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Sunday March 29, 2015

Washington News

Washington Hotline

IRS 'Treat Taxpayers Nice' Rules

In 1998, Congress passed the IRS Restructuring and Reform Act, which included a list of ten guidelines to require IRS employees to treat taxpayers fairly. A failure of an IRS employee to follow these rules could lead to loss of his or her position. The ten current rules for “Treating Taxpayers Nicely” include the following:

  1. Willful failure to obtain required approval signatures to authorize seizure of a taxpayer’s home, personal belongings or business assets.
  2. Providing a false statement under oath on a material matter involving a taxpayer or taxpayer representative.
  3. Violating the rights protected under the Constitution or the civil rights of a taxpayer or taxpayer representative.
  4. Falsifying or destroying documents to conceal mistakes made by any employee with respect to a taxpayer or taxpayer representative.
  5. Assault or battery of a taxpayer or taxpayer representative if there is a criminal conviction or a final judgment by a court in a civil case.
  6. Violating the Internal Revenue Code, Department of the Treasury regulations or policies of the IRS (including the Internal Revenue Manual) for the purpose of retaliating against or harassing a taxpayer or taxpayer representative.
  7. Willful misuse of the provisions of Section 6103 of the Internal Revenue Code for the purpose of concealing information from Congress.
  8. Willful failure to file a personal tax return, unless such failure is due to reasonable cause and not to willful neglect.
  9. Willful understatement of federal tax liability, unless such failure is due to reasonable cause and not to willful neglect.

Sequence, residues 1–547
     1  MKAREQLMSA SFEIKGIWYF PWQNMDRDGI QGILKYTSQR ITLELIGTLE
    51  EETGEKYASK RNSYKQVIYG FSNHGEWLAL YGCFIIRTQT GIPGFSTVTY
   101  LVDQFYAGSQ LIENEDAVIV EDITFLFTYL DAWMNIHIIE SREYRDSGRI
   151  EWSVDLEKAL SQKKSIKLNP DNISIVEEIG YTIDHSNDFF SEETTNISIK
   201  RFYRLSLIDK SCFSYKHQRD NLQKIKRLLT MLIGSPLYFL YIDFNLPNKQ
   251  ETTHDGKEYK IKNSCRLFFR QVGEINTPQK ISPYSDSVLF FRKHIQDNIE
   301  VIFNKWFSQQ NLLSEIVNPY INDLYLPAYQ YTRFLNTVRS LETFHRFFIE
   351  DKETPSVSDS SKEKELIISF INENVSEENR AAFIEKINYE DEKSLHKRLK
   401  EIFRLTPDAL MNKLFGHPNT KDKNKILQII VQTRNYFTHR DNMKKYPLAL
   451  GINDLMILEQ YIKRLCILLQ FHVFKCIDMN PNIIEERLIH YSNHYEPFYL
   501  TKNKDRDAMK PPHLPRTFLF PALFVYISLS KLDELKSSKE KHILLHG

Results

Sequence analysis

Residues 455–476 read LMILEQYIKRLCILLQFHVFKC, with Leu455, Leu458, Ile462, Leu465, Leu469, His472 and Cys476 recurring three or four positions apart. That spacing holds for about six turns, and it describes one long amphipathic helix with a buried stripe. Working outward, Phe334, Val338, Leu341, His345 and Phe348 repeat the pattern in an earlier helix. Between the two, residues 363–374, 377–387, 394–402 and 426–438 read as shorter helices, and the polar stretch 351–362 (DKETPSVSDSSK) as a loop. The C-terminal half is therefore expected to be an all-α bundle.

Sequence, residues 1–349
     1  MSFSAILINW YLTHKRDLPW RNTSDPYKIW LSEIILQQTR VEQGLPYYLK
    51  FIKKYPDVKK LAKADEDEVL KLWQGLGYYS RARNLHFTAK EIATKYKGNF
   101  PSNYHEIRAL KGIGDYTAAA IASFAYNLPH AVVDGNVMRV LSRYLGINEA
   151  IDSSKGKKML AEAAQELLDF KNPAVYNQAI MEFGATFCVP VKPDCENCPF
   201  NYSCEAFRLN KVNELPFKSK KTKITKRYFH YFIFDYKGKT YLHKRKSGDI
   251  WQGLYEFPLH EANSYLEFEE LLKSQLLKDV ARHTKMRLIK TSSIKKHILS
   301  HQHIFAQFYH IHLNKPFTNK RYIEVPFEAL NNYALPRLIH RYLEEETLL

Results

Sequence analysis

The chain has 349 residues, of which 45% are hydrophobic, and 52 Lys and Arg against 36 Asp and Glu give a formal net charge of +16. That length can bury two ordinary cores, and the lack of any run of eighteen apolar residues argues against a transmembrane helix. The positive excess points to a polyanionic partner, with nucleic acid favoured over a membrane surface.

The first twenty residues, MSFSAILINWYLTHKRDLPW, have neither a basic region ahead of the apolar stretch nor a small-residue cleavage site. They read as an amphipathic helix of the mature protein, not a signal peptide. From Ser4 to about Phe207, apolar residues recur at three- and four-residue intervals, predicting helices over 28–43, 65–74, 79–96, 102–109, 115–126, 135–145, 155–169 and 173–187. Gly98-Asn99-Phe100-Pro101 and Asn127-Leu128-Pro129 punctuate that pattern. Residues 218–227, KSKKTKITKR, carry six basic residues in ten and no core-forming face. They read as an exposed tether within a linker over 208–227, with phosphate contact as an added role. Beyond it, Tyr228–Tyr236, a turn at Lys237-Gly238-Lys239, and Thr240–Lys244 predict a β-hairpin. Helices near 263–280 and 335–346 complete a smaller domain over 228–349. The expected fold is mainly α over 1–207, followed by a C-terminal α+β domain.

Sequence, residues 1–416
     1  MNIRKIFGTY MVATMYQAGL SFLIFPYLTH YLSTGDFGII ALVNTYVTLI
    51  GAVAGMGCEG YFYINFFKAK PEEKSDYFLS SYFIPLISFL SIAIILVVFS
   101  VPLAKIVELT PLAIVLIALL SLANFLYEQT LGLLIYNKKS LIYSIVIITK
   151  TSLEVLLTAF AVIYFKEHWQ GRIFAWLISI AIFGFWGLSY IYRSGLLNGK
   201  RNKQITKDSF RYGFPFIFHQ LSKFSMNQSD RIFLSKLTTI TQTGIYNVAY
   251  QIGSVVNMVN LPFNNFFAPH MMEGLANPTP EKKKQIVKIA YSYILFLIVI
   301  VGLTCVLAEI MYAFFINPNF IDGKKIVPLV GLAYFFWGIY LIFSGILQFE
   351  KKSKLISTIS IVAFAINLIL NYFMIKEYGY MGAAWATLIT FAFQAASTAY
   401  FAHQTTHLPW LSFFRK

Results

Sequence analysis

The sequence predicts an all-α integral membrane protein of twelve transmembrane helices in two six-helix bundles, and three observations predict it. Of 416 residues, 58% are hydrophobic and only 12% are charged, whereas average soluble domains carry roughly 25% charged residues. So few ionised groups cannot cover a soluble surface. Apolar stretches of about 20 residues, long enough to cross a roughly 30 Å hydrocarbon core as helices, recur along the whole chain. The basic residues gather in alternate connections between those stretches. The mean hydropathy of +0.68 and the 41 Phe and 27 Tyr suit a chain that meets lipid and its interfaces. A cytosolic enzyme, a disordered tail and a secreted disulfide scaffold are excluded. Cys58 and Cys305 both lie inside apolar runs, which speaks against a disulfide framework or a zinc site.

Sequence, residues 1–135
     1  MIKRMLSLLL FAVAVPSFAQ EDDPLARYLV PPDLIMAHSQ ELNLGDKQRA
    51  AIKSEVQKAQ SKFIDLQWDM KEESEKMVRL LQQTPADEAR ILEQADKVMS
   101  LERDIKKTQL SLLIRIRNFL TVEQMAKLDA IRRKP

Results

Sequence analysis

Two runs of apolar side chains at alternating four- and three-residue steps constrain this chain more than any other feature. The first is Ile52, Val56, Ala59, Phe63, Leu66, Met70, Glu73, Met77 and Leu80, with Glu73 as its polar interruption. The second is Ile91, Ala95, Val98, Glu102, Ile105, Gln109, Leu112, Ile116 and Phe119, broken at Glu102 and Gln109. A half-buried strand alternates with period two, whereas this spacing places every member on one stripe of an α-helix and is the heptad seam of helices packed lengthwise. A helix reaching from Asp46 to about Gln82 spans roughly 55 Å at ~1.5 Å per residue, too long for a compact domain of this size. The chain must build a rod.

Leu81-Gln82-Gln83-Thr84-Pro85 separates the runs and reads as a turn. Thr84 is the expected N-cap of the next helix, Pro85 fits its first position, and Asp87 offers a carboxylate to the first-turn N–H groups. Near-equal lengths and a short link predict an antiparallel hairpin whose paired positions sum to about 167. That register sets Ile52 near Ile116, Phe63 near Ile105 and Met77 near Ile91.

10. Threatening to audit a taxpayer for the purpose of extracting personal gain or benefit.

On March 26 the House Ways and Means Committee passed the Prevent Targeting at the IRS Act. This bill instructs the IRS not to target a taxpayer based upon political beliefs. Sponsor Jim Renacci (R-OH) stated, “If someone at the IRS targets taxpayers based on their political beliefs, he or she should be held accountable. It’s that simple. I was proud to see the Ways & Means Committee unanimously approve this commonsense legislation as it is a step in the right direction to restoring a federal government that is accountable to the American people – and not the other way around.”

Estate Tax Repeal Bill Passes Ways and Means Committee

On March 26 the House Ways and Means Committee passed a bill to repeal the estate tax. The party-line vote on the Death Tax Repeal Act (H.R. 1105) was 22-10. The bill also repeals generation-skipping transfer tax and lowers the gift tax rate to 35%. The Joint Committee on Taxation (JCT) estimates the ten year cost to be $269 billion.

Sen. John Thune (R-SD) is expected to introduce a similar bill for consideration by the Senate Finance Committee within the next week.

In his opening statement, House Ways and Means Chairman Paul Ryan (R-WI) highlighted the “unfairness and frustration” associated with the tax system. Ryan continued, “Sometimes it even punishes people from beyond the grave. That's why today we're here to repeal the death tax. People work hard and pay taxes all their lives. They've earned the right to leave something for their kids—often a family business—without being penalized for it. And this tax doesn't just hit the big guy. It hits the little guy—like the small business and the family farm. It is both unwise and unfair, and it needs to go.”